• Within prescribed limits and arrangements, resident investors, including individuals, pension funds and institutions, may invest in any company listed on a recognized stock exchange, by way of a representative Bahamian-dollar-denominated securities listed on BISX (eg BDRs). The purchase of the underlying securities will be financed at the official rate of exchange, for a total amount of up to 5 per cent of the external reserve balance at previous years’ end, but not to exceed B$25 million annually. Such offerings would be subject to final approvals from the Central Bank, the Securities Commission and BISX.

• Equities of Bahamian Companies listed on BISX may now be cross-listed on principal CARICOM exchanges (ie Barbados, Jamaica, ECU and Trinidad & Tobago). Sales to foreign entities may not exceed 10 per cent of the total issued and outstanding voting share capital of a listed company—not to exceed B$20 million per annum.

• Foreign companies listed on principal CARICOM exchanges may list issued and outstanding equity securities on BISX. The cost value of purchases by domestic entities may not, in the aggregate, exceed B$5.0 million per quarter and a maximum of B$20 million, per annum.

• Financial institutions and other private enterprises designated resident for exchange control purposes, with no term restrictions on their operations in The Bahamas (eg temporary construction entities and consultancy firms would not qualify) may now invest, within specified limits, in debt and equity instruments of the private sector as well as public sector debt obligations. In this regard, they are permitted to invest in equities of companies listed on BISX, up to a limit of 10 per cent of the issue/offering per investing entity and may invest in other private sector and public sector securities, without limit.

• The Securities Commission of The Bahamas released guidelines for the stale-dating of applications for authorization to operate in the securities and capital markets in or from the Bahamas. The Commission approved a fast-tracking process for applications for professional investment funds and investment funds that target accredited or high-net-worth investors, which are submitted to the Commission for licensing. Under this process the Commission guarantees approval of these categories of investment funds within 72 hours of receipt of a complete application. This process is a result of a collaborative effort between the Commission and market participants who had expressed concern regarding the inconsistent turnaround time for the approval of investment funds licensed by the Commission as compared with competing jurisdictions.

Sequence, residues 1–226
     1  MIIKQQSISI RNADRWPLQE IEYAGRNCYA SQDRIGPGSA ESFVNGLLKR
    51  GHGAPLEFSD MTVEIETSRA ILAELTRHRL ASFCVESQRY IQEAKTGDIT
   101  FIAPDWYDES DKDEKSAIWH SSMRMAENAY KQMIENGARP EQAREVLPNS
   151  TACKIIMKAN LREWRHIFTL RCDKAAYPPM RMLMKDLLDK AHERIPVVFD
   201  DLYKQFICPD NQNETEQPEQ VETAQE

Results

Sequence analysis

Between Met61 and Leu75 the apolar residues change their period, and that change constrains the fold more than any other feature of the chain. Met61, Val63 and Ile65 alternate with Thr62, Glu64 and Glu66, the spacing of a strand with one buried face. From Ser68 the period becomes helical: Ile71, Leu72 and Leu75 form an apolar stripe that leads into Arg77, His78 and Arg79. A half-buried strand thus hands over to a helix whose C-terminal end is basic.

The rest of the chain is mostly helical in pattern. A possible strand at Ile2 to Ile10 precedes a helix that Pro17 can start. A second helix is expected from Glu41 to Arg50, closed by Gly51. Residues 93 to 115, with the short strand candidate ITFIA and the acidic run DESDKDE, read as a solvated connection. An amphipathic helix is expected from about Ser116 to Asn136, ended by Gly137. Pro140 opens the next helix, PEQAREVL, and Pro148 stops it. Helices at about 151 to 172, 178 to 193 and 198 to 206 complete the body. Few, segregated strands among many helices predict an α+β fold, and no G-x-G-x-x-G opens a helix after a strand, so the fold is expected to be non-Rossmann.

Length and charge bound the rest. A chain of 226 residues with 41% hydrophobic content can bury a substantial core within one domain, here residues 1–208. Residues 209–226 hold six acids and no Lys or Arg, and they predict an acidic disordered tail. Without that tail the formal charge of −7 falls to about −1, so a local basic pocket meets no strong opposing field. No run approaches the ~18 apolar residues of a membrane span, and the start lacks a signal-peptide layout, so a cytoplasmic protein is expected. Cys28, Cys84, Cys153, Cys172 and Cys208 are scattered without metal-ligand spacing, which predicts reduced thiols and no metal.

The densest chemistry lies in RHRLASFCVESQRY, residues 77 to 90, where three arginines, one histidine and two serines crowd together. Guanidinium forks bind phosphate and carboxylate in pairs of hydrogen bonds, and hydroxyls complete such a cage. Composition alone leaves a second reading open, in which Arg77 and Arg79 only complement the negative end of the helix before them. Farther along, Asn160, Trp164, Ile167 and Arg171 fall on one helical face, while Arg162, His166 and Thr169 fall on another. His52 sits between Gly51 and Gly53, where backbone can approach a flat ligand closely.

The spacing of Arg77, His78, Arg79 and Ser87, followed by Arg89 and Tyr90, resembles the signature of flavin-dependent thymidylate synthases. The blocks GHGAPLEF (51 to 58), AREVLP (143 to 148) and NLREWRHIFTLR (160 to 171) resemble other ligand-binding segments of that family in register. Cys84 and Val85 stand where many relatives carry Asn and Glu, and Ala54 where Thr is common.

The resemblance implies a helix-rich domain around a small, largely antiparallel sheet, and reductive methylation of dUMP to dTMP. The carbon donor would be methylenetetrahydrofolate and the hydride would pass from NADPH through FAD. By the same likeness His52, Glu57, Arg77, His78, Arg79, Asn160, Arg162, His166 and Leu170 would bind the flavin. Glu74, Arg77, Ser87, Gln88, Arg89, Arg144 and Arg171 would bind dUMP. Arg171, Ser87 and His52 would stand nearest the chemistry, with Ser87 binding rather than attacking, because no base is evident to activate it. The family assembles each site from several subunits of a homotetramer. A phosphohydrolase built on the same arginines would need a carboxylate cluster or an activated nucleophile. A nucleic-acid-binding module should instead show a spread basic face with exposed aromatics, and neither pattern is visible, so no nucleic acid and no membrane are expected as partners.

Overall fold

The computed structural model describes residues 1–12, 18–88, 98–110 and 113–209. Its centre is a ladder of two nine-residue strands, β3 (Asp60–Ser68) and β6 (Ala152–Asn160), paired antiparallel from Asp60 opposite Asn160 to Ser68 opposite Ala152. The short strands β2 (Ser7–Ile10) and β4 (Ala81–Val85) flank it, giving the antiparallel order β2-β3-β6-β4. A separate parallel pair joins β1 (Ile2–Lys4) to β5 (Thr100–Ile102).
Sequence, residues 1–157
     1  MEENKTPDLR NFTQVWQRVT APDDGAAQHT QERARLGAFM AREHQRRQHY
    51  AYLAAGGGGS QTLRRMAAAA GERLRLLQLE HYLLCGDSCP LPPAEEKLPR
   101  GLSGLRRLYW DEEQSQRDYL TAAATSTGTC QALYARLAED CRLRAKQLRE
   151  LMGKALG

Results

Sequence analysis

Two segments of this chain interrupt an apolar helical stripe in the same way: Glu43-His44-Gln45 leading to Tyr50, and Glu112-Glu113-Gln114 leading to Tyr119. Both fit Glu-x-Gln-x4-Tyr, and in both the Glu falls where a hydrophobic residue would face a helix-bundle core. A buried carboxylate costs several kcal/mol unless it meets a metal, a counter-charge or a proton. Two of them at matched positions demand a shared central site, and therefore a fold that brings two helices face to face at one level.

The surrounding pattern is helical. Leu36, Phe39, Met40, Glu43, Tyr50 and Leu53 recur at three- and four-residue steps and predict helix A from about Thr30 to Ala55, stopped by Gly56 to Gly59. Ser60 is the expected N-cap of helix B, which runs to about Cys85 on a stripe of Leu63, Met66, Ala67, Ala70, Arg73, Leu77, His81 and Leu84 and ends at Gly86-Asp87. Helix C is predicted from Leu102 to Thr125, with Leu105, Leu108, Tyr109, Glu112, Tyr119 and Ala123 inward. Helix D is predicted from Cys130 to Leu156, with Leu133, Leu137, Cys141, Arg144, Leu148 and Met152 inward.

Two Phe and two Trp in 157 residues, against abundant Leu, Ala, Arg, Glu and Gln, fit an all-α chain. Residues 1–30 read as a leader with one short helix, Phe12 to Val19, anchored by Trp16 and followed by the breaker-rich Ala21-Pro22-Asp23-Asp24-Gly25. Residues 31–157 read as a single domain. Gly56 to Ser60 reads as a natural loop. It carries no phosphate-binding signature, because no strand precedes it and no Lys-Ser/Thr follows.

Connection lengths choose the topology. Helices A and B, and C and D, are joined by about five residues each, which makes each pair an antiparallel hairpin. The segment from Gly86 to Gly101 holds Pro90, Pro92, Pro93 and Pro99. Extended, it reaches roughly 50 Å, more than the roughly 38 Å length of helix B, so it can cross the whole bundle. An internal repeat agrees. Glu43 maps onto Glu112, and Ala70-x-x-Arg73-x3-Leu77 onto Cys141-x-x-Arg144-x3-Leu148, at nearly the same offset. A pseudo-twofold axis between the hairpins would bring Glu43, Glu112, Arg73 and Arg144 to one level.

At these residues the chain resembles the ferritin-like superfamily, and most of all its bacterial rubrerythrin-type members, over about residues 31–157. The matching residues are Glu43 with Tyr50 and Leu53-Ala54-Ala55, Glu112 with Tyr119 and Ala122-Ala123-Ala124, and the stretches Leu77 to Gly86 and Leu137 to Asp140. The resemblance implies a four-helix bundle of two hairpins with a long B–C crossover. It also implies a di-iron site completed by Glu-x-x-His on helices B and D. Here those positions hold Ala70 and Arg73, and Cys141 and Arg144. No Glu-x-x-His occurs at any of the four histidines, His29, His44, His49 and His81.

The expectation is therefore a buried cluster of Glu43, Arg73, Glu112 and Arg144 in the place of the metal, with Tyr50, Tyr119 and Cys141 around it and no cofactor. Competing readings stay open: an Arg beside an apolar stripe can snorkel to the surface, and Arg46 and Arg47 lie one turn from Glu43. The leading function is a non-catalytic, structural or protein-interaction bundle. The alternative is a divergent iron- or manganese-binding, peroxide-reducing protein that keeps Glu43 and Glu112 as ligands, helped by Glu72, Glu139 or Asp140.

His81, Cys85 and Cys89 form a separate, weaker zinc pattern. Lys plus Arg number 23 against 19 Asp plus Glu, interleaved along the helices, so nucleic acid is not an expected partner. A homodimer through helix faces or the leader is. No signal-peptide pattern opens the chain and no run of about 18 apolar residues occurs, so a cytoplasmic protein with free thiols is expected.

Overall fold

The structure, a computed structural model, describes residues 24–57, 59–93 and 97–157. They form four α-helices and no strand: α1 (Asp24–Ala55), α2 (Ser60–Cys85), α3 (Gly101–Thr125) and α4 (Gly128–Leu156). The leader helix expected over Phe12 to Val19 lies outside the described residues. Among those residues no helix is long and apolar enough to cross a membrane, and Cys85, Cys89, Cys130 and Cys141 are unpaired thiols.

Investment fund industry
There are approximately 59 fund administrators operating in The Bahamas, of which 29 are banks and trust companies licensed as fund administrators. A remaining 30 administrators are supervised exclusively by the Securities Commission, of which two-thirds maintain some physical presence in The Bahamas.

Local mutual fund market
In April 2001, BISX launched its Mutual Fund Listing Facility to meet the needs of international investors and improve visibility. BISX established a user-friendly, fast-track listing service for mutual funds through qualified sponsors. The sponsors channel listings of their mutual funds clients to BISX and act for their clients in handling their listing application process.

Offshore mutual funds
According to Datamonitor’s research on wealth management in the Caribbean, The Bahamas remains the favoured destination for banks setting up offshore operations in the area, and may continue to do so given the competitive advantage Bahamian institutions will have over those in The Cayman Islands and British Virgin Islands in terms of liability to European Union (EU) savings tax agreements. The positive impact on the Bahamian offshore deposit market from the EU Savings Tax Directive also applies to its mutual funds sector, due to corporate and government bond funds falling within the scope of the legislation. The Bahamas stands to gain from clients (or providers) moving the domicile of their investments from jurisdictions captured by the Directive to comparable alternatives outside the Directive’s reach, of which The Bahamas is a significant example. As with deposits, new legislation passed in The Bahamas to support online transactions offers practical help to investors seeking to move funds into the jurisdiction with a minimum of hassle.